Thursday, January 7, 2010

Pulpit Review: Patristics

Litfin, Bryan M. Getting to Know the Church Fathers: An Evangelical Introduction. Grand Rapids: Brazos, 2007. 301 Pages. Paper. $22.99. (LHP)

Drobner, Hubertus R. The Fathers of Church: A Comprehensive Introduction. Peabody, MA: Hendrickson, 2007. 632 Pages. Cloth. $44.95 (LHP)

Charlesworth, James. H., translator. The Earliest Christian Hymnbook: The Odes of Solomon (The Odes Project). Eugene, OR: Wipf & Stock, 2009. 134 Pages. Paper. $20.00 (discounts available). (LHP)

Patristics, the study of the early church fathers, can be a fascinating study. It can easily become overwhelming. There is so much material out there! The three books featured in this review can give you a great introduction to a life-long reading hobby.

Getting to Know the Church Fathers is a decent introduction to the subject in a mere 300 pages. He is associate professor of theology at Moody Bible Institute. You will note decision theology (55), a misunderstanding of a proper "distinction" between Law and Gospel in a discussion of Marcion, Luther, and Harnack (107, 279), leading questions with regard to the Holy Spirit (137), and an attempt at a modern "relevant" story (215). Apart from these weaknesses, Litfin helps motivate the reader to delve into the reading (or reading about) Ignatius of Antioch, Justin Martyr, Irenaus of Lyons, Tertullian, Perpetua, Origen, Athanasius, John Chrysostom, Augustine, and Cyril of Alexandria.

Most QBR readers, I would imagine, would be looking for something more comprehensive. Hendrickson's tome is double the size and much smaller print. It is a more academic and complete presentation and is overall a stronger book than the Brazos book because of scholarliness of the Hubertus R. Drobner, Professor for Church History and Patrology of the Theological Faculty at the University of Paderborn, Germany.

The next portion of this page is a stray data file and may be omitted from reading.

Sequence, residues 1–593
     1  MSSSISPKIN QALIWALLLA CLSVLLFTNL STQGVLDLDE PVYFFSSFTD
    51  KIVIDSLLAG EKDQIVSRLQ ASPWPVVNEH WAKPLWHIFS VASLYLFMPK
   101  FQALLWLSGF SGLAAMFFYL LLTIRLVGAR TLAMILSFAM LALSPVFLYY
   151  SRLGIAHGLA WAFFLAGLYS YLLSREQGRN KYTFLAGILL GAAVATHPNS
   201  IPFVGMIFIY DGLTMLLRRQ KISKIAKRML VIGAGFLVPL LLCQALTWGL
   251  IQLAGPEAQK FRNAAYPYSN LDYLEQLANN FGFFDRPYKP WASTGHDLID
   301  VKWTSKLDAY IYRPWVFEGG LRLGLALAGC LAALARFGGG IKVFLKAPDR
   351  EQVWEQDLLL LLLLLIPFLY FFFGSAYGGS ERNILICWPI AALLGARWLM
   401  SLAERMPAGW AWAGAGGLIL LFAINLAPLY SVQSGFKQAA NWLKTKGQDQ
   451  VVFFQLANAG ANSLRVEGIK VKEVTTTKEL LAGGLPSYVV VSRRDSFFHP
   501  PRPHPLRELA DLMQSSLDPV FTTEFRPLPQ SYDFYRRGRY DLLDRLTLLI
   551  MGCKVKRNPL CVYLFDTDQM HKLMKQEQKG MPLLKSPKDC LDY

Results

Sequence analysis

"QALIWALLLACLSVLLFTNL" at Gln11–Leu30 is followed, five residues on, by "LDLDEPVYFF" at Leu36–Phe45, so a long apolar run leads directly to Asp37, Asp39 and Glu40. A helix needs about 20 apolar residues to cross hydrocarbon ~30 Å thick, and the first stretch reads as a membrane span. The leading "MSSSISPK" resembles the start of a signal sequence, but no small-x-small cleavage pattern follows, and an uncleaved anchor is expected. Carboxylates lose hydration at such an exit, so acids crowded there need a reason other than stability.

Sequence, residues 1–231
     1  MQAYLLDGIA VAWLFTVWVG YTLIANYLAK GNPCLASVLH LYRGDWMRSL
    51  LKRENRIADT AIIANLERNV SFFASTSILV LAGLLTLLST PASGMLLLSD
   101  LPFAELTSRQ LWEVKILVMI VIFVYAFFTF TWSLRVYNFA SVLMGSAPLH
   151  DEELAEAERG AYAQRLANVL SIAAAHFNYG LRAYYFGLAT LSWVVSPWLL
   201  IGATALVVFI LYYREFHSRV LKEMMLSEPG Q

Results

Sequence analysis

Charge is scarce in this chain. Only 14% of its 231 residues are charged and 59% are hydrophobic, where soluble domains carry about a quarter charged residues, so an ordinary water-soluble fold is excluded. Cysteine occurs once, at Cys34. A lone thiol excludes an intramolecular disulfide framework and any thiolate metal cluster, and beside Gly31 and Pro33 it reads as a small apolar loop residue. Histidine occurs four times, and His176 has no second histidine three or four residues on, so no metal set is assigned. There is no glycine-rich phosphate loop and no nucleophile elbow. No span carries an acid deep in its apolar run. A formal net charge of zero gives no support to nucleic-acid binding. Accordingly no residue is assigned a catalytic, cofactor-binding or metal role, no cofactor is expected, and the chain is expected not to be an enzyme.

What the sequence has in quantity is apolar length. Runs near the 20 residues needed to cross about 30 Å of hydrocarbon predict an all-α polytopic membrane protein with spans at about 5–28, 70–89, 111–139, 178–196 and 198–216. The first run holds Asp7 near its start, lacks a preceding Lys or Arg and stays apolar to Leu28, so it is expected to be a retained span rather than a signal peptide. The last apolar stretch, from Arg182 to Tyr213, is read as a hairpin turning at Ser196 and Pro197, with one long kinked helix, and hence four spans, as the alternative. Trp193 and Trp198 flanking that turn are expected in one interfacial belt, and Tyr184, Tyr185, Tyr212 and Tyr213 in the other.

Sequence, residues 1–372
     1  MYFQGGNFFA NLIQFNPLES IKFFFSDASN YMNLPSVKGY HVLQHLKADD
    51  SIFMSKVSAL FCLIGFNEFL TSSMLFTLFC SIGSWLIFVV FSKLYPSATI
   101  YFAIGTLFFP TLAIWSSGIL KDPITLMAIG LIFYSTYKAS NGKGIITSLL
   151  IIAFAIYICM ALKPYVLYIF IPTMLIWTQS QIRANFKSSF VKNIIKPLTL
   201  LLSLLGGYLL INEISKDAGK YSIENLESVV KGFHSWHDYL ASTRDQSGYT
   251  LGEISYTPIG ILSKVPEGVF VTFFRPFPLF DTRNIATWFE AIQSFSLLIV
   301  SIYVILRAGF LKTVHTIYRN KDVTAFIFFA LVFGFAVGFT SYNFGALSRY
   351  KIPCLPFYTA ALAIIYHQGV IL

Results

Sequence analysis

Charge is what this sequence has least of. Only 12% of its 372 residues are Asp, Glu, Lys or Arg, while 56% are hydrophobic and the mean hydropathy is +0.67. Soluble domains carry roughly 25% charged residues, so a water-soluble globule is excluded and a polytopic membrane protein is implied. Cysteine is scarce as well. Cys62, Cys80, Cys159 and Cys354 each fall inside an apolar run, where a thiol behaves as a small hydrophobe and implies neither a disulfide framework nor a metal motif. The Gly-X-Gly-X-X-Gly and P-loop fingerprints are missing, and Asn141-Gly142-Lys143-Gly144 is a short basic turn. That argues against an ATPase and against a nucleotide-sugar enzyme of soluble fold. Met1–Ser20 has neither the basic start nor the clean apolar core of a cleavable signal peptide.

Please also note that both covers feature the same cover art, a Byzantine mosaic from the Court of Martyrs of the Basilica of Sant'Apollinare Nuovo, Ravenna Italy. It features Saints Martin, Clement, Sixtus II, and Lawrence.

What does Drobner include? A little on just about everything.

  • Extensive material in the front matter, so future scholars and current readers can learn more and double-check the author (151 pages in Roman numerals)
  • Introduction (Who is a Church Father?)
  • One: Apostolic and Postapostolic Literature (The New Testament and beyond, including Odes of Solomon)
  • Two: Persecution-era Literature (Greek and early Latin)
  • Three: Imperial Church (Constantine through Augustine and all the hereses in-between)
  • Four: Late Antiquity and the Early Middle Ages (more theological controversy)
  • Five: Christianity in the East
Note: This is an English translation of a German original. It's pretty high-powered stuff, more of a reference work than a book you'll read cover-to-cover, though that is what I did over a week or so. Use the index to research what you need. The author will give you at least a brief overview of your topic and then provide an extensive list of academic literature and books to peruse for further information. 

So far we have seen two works that give the big picture of patristics, one more comprehensive than the other, but both of service to their different intended audiences. Now, let's move from the forest to the trees, one tree in particular called the Odes of Solomon.

You are correct to presume that Solomon had nothing to do these Odes, early Christian psalms/hymns that bear his name.

I often disagreed with the interpretations of the editor and translator, James Charlesworth. It is true that some of the psalms in this collection have a more obvious Christian confession of faith. Others ponder the mystery of Christ. Some have a Jewish flavor. I am not convinced that any are necessarily Gnostic or "proto-gnostic" (xviii-xix). He also has a preoccupation with the sacred feminine side of God (xxxii-xxxiii).

The translator posits a Christian Odist who was a Essene Jew (xvii) and enourages modern Christians to embrace the Jewishness of Christianity (xxxv).

The publisher has given this collection of early Christian hymns an attractive cover, unique book size and shape, and a very readable ivory paper.

The so-called Odes of Solomon are an example of one of the goals of patristics, actually reading what the fathers wrote rather than merely reading about them. Theologically, we should be mindful of not merely speaking about the Gospel of Christ, but speaking the Gospel of Christ to a dying world in need of Life.

The Rev. Paul J Cain is Pastor of Immanuel Lutheran Church, Sheridan, Wyoming, Headmaster of Martin Luther Grammar School, Wyoming District Worship Chairman, and Editor of QBR.